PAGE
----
Is there a key to successful negotiation?

Before you do anything, you need to transition your mindset from “negotiation is a battle” to “negotiation is problem-solving.” It is hard for someone to think you are picking a fight if you are trying to solve a problem, so start from there.

When you enter the conversation, you need to understand your counterpart, their motivators and their interests. You need to understand why they would say yes to your proposition. It has to be a proposition that makes them better off.

‘If all you think about is the worst case you can say yes to, that is where your mind is going to reside, and you will end up there.’

Think about what it is your landlord cares about. Maybe it’s going from month-to-month to a lease that gives her more stability. Maybe it’s paying your rent a little early or offering to do a small job to increase the property value. What can you do that will help mitigate the problem you and they are facing?

To be successful, when you present a proposal, you need to explain it as a solution to a problem your counterpart has. Too often we get overly concerned about what we want. That’s OK if you have all the power, but if you are in the less-powerful position, you have to walk the path of the solution with the person you are negotiating with.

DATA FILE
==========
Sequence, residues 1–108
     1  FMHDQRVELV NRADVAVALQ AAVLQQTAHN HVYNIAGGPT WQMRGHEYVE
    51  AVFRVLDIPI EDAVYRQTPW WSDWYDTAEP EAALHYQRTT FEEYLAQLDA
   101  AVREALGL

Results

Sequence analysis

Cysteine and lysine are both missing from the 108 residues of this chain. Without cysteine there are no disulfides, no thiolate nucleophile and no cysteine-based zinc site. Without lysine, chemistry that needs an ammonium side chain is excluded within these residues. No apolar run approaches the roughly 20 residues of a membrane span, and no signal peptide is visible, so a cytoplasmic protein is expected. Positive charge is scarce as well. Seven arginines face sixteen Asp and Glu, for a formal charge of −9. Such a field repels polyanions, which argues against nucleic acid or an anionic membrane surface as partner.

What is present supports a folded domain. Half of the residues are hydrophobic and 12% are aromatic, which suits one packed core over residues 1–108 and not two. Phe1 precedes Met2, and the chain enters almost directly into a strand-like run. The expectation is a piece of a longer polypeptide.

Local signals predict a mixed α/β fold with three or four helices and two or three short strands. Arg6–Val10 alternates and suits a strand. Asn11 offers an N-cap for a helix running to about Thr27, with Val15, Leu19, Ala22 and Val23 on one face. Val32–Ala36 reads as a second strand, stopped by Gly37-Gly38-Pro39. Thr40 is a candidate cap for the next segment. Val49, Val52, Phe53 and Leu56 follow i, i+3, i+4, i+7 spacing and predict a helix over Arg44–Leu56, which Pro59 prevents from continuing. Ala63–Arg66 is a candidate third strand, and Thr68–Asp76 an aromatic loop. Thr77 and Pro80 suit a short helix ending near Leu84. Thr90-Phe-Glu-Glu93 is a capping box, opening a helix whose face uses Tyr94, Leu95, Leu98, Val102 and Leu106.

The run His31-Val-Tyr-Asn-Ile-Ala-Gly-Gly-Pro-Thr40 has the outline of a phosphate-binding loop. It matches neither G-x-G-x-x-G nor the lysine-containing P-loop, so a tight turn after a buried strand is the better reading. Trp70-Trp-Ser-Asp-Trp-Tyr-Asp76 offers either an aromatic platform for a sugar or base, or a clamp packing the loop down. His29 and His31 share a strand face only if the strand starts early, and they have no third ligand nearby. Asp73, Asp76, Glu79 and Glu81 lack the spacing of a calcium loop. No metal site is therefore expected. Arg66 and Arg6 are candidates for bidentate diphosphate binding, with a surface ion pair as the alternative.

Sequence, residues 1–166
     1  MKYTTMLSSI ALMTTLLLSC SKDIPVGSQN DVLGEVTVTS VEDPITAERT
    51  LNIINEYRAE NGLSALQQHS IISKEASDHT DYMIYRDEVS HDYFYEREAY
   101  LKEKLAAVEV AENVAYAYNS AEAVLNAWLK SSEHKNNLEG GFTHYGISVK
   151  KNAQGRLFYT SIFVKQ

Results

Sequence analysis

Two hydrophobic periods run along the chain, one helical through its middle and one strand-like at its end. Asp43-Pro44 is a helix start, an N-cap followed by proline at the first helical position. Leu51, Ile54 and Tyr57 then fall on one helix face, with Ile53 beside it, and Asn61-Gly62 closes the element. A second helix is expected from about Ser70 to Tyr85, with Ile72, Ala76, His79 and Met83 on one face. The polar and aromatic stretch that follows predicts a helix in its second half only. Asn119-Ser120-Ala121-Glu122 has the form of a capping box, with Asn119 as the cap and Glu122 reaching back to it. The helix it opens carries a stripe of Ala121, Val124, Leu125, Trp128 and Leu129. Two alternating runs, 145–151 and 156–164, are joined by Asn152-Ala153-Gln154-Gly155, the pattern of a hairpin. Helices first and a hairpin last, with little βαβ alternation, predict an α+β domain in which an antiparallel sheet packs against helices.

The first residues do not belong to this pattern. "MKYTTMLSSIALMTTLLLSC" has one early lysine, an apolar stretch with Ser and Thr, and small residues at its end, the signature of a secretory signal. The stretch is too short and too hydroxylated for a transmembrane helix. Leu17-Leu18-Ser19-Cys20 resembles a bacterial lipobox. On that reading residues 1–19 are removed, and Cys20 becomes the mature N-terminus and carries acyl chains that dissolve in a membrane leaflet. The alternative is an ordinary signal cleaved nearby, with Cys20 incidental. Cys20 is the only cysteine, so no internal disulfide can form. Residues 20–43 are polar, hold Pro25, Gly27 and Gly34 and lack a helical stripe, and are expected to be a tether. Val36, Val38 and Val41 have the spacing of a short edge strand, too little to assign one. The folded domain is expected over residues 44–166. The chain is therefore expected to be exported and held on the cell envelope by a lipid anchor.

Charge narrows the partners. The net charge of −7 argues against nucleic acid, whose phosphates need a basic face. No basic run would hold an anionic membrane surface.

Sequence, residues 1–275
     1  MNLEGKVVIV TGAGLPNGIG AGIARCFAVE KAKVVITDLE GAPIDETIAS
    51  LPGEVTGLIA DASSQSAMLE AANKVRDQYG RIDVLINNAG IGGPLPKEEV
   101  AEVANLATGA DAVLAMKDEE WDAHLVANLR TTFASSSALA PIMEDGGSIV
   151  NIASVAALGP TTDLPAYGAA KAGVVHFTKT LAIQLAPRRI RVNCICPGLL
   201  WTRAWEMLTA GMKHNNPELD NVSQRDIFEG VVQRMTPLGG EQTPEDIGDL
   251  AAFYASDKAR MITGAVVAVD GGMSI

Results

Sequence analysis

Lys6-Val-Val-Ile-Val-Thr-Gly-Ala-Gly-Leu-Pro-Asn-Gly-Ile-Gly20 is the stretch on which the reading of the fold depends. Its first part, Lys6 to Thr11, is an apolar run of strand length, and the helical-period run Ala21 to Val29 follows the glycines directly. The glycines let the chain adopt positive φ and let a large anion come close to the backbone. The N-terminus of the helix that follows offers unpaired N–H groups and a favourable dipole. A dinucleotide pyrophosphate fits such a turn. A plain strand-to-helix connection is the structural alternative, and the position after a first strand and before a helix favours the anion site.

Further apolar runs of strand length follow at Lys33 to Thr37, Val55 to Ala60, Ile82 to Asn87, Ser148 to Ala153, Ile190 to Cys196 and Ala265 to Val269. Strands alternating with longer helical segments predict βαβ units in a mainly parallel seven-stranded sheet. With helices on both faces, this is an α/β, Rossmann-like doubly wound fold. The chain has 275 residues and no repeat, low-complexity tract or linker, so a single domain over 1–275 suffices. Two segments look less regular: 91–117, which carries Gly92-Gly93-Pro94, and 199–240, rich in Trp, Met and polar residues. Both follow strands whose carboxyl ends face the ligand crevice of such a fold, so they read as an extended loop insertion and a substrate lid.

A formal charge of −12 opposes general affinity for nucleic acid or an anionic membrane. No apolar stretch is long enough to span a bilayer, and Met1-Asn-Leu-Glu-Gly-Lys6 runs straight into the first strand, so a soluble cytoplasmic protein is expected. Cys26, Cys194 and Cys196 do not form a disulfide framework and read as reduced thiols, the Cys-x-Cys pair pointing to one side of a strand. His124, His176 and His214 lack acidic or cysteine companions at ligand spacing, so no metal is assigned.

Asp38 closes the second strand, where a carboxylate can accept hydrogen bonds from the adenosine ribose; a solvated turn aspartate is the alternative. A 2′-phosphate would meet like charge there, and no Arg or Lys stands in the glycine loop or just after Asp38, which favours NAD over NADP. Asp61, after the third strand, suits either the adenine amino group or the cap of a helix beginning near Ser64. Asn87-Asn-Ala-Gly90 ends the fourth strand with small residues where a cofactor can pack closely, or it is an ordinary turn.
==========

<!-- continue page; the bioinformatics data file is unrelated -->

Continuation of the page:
How can you prepare for “the big ask”?

There is no substitute for preparing for a negotiation. This is not something you do the night before. People will tell you their problems. Pay attention and think creatively.

The first step is to know your alternatives. What happens if there is no agreement? Be realistic about setting your bottom line.

Second is to ask yourself, “What is my aspiration?” If all you think about is the worst case you can say yes to, that is where your mind is going to reside, and you will end up there. Know what you hope to get. You may not get it, but it will improve your final outcome.

Third, define the issues you will discuss and know your priorities. This can take a lot of time and some soul-searching. It could take 10 minutes if it’s Nordstrom and you are negotiating the price of a pair of shoes. (Yes, I do that!) If you are in a serious negotiation, it can take hours of intense preparation. You have to understand the relative weight of those issues and what you are willing to give up or on which things you can compromise.

Last, think about how you are going to start. Will you make the first offer? What will your counter be? You want to have already played that script in your mind.

What if you’ve taken a job that isn’t what you wanted?